Sun Fire 3800, 4800, 4810, 6800, E4900, and E6900 System Controller (SC) software contains multiple shells. Each have specific functionality regarding administration of the platform. The shells include:
1. Domain Console: The domain’s console device connection (/dev/console). When connected, the user will have one of the following prompts:
a. OpenBoot Prom (OBP)
b. console login
2. Domain Shell: A shell on the system controller with the ability to administer a specific domain on the platform
3. Platform Shell: A shell on the system controller with the ability to administer the entire platform
Sometimes, someone is connected to the console of an active domain to which console access in needed. To gain access to the console we must disconnect the user which is already connected to it. Here, we attempt to gain access to the domain A console shell on an E6900 from the master system controller, but someone else is already connected.
System Controller 'e6900-sca11-a-sc0': Type 0 for Platform Shell Type 1 for domain A console Type 2 for domain B console Type 3 for domain C console Type 4 for domain D console Input: 1 Connection refused, console busy Connection closed.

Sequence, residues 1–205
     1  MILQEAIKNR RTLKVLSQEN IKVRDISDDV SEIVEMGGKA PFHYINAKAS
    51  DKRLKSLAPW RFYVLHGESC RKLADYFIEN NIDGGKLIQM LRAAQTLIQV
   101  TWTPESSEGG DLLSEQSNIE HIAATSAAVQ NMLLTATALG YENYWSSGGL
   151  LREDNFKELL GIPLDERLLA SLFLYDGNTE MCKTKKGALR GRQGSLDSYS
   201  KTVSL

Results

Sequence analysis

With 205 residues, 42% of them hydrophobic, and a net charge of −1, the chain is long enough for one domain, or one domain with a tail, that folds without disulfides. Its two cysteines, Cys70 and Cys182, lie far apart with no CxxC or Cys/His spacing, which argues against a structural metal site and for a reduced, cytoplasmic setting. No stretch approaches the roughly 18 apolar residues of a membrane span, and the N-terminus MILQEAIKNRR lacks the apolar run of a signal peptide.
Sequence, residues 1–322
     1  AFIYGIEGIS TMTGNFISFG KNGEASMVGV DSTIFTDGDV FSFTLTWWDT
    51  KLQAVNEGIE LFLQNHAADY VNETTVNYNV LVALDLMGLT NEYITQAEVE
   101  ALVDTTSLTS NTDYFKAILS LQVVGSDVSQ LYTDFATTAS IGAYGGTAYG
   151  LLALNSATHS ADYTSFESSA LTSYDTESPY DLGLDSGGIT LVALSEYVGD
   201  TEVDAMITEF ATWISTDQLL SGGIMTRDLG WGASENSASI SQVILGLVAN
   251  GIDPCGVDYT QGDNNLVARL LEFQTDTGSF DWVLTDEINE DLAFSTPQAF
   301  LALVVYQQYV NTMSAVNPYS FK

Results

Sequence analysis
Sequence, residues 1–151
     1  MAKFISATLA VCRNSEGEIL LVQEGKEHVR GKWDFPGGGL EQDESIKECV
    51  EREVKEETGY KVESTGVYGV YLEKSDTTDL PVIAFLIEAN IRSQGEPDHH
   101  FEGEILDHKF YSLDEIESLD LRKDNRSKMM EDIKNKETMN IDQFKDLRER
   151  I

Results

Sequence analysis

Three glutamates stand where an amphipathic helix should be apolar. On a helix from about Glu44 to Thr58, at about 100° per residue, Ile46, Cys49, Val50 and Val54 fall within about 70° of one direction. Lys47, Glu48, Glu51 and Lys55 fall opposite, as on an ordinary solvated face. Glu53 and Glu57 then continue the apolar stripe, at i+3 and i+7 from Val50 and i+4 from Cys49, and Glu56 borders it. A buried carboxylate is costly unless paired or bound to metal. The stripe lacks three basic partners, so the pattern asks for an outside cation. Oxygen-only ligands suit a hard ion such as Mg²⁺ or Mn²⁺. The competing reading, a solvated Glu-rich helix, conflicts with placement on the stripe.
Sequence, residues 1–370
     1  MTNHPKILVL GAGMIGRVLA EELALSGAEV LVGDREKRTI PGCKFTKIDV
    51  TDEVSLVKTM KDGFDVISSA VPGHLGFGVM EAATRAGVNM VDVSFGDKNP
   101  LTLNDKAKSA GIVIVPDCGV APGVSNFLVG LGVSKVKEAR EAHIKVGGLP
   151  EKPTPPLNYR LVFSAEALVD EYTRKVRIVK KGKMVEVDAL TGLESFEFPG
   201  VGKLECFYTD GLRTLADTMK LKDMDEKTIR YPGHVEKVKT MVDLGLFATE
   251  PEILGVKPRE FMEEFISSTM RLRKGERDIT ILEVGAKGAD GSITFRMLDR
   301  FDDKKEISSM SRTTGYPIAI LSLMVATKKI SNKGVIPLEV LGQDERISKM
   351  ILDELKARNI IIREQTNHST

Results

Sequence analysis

We then try to connect to the domain A console shell from the platform shell of the master SC but have the same result.
System Controller 'e6900-sca11-a-sc0': Type 0 for Platform Shell Type 1 for domain A console Type 2 for domain B console Type 3 for domain C console Type 4 for domain D console Input: 0 Platform Shell e6900-sca11-a-sc0:SC> console a Connection refused, console busy Connection closed. e6900-sca11-a-sc0:SC>
The first thing to do is identify what is currently connected to the domain A console shell. Here we see that the console shells for all four domains are in use by user1.example.com.
e6900-sca11-a-sc0:SC> connections ID Hostname Idle Time Connected On Connected To --- ----------------------------- --------- -------------- -------------- 3 user1.example.com - Feb 10 21:31 Domain B 4 user1.example.com - Feb 10 21:31 Domain C 5 user1.example.com - Feb 10 21:31 Domain A 8 user1.example.com - Feb 15 13:51 Domain D 10 Localhost - Feb 15 13:52 Platform e6900-sca11-a-sc0:SC>
Then, from the platform shell of the master SC, we forcibly disconnect the domain A console shell from user1.example.com and again attempt to connect to the domain A console shell from the platform shell of the master SC. This is usually all that is needed.
e6900-sca11-a-sc0:SC> disconnect 5 e6900-sca11-a-sc0:SC> console a Connected to Domain A geeklab #
What are the configuration files used in SVM ?
1. The file is empty by default. The file is only used when metainit command is issued by the administrator. It is configured manually.